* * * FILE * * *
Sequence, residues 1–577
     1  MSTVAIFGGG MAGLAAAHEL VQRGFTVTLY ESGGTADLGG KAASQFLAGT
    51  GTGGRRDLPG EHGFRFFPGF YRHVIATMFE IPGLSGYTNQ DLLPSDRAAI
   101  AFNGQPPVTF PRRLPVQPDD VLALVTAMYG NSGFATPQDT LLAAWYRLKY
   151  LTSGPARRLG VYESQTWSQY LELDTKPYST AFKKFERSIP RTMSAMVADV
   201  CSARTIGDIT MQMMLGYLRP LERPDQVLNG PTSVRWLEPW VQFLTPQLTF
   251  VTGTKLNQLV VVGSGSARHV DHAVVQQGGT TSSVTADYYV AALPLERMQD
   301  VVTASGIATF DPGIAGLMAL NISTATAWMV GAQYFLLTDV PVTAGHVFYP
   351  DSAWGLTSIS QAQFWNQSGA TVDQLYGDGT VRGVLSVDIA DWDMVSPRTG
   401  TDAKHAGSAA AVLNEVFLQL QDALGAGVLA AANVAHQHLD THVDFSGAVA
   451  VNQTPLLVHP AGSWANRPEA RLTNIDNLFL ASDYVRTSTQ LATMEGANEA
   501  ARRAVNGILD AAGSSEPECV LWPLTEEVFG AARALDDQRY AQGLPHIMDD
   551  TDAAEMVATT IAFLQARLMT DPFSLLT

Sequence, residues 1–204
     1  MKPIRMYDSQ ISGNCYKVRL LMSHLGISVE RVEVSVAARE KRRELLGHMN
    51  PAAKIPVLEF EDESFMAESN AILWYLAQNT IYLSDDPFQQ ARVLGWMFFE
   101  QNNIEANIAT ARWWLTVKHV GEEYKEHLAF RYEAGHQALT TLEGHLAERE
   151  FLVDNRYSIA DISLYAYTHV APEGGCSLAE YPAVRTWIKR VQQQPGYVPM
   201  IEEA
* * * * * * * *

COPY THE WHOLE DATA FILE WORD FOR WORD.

Sequence, residues 1–577
     1  MSTVAIFGGG MAGLAAAHEL VQRGFTVTLY ESGGTADLGG KAASQFLAGT
    51  GTGGRRDLPG EHGFRFFPGF YRHVIATMFE IPGLSGYTNQ DLLPSDRAAI
   101  AFNGQPPVTF PRRLPVQPDD VLALVTAMYG NSGFATPQDT LLAAWYRLKY
   151  LTSGPARRLG VYESQTWSQY LELDTKPYST AFKKFERSIP RTMSAMVADV
   201  CSARTIGDIT MQMMLGYLRP LERPDQVLNG PTSVRWLEPW VQFLTPQLTF
   251  VTGTKLNQLV VVGSGSARHV DHAVVQQGGT TSSVTADYYV AALPLERMQD
   301  VVTASGIATF DPGIAGLMAL NISTATAWMV GAQYFLLTDV PVTAGHVFYP
   351  DSAWGLTSIS QAQFWNQSGA TVDQLYGDGT VRGVLSVDIA DWDMVSPRTG
   401  TDAKHAGSAA AVLNEVFLQL QDALGAGVLA AANVAHQHLD THVDFSGAVA
   451  VNQTPLLVHP AGSWANRPEA RLTNIDNLFL ASDYVRTSTQ LATMEGANEA
   501  ARRAVNGILD AAGSSEPECV LWPLTEEVFG AARALDDQRY AQGLPHIMDD
   551  TDAAEMVATT IAFLQARLMT DPFSLLT

Sequence, residues 1–204
     1  MKPIRMYDSQ ISGNCYKVRL LMSHLGISVE RVEVSVAARE KRRELLGHMN
    51  PAAKIPVLEF EDESFMAESN AILWYLAQNT IYLSDDPFQQ ARVLGWMFFE
   101  QNNIEANIAT ARWWLTVKHV GEEYKEHLAF RYEAGHQALT TLEGHLAERE
   151  FLVDNRYSIA DISLYAYTHV APEGGCSLAE YPAVRTWIKR VQQQPGYVPM
   201  IEEA